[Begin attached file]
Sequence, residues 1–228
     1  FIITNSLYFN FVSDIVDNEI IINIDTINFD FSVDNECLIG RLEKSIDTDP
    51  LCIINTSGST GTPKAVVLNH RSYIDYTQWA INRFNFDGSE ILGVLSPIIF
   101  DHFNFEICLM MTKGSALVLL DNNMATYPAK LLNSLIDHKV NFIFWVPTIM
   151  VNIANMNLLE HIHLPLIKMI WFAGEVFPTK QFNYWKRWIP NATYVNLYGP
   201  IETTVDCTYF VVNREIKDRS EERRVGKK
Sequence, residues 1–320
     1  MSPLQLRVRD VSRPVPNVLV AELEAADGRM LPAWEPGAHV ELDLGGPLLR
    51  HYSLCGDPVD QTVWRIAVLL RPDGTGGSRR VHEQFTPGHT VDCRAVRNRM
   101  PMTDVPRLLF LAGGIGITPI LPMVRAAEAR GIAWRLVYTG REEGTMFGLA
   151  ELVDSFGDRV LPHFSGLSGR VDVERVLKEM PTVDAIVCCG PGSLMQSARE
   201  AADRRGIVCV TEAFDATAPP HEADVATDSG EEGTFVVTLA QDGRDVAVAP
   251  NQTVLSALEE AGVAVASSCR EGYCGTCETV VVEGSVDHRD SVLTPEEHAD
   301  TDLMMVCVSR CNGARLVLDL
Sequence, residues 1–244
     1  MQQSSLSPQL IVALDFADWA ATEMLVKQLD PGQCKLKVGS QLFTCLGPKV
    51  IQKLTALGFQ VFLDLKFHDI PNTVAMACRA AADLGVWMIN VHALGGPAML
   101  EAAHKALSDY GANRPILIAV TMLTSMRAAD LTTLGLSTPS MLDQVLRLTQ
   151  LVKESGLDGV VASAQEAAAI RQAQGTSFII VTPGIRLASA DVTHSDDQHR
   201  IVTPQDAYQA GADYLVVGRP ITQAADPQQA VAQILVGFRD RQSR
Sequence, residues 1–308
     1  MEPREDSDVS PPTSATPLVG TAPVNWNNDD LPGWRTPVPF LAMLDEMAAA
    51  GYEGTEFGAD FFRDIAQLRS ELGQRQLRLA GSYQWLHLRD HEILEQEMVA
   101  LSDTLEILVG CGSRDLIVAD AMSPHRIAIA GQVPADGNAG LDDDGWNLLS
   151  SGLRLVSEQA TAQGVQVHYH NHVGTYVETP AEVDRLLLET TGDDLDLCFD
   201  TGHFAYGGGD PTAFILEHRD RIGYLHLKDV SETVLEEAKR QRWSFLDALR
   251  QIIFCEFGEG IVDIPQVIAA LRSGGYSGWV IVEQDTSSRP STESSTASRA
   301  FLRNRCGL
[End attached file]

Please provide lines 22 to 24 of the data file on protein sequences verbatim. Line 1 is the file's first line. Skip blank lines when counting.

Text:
     1  MEPREDSDVS PPTSATPLVG TAPVNWNNDD LPGWRTPVPF LAMLDEMAAA
    51  GYEGTEFGAD FFRDIAQLRS ELGQRQLRLA GSYQWLHLRD HEILEQEMVA
   101  LSDTLEILVG CGSRDLIVAD AMSPHRIAIA GQVPADGNAG LDDDGWNLLS